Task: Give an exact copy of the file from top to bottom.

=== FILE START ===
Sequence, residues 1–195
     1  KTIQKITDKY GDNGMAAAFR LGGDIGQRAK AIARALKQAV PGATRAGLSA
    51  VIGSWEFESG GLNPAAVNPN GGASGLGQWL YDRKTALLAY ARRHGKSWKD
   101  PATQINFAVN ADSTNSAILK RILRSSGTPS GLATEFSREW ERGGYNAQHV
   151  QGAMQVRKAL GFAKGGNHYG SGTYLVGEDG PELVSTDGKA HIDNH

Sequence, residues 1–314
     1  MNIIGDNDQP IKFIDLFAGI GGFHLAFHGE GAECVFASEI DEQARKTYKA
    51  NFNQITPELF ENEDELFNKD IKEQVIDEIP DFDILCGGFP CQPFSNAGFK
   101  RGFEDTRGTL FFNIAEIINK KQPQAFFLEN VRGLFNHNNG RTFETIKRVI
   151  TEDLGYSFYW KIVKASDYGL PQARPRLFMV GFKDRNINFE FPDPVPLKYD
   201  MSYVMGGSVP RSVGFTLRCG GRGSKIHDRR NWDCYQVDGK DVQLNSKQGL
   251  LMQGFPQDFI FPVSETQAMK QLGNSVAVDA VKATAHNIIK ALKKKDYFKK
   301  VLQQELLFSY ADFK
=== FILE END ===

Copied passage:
Sequence, residues 1–195
     1  KTIQKITDKY GDNGMAAAFR LGGDIGQRAK AIARALKQAV PGATRAGLSA
    51  VIGSWEFESG GLNPAAVNPN GGASGLGQWL YDRKTALLAY ARRHGKSWKD
   101  PATQINFAVN ADSTNSAILK RILRSSGTPS GLATEFSREW ERGGYNAQHV
   151  QGAMQVRKAL GFAKGGNHYG SGTYLVGEDG PELVSTDGKA HIDNH

Sequence, residues 1–314
     1  MNIIGDNDQP IKFIDLFAGI GGFHLAFHGE GAECVFASEI DEQARKTYKA
    51  NFNQITPELF ENEDELFNKD IKEQVIDEIP DFDILCGGFP CQPFSNAGFK
   101  RGFEDTRGTL FFNIAEIINK KQPQAFFLEN VRGLFNHNNG RTFETIKRVI
   151  TEDLGYSFYW KIVKASDYGL PQARPRLFMV GFKDRNINFE FPDPVPLKYD
   201  MSYVMGGSVP RSVGFTLRCG GRGSKIHDRR NWDCYQVDGK DVQLNSKQGL
   251  LMQGFPQDFI FPVSETQAMK QLGNSVAVDA VKATAHNIIK ALKKKDYFKK
   301  VLQQELLFSY ADFK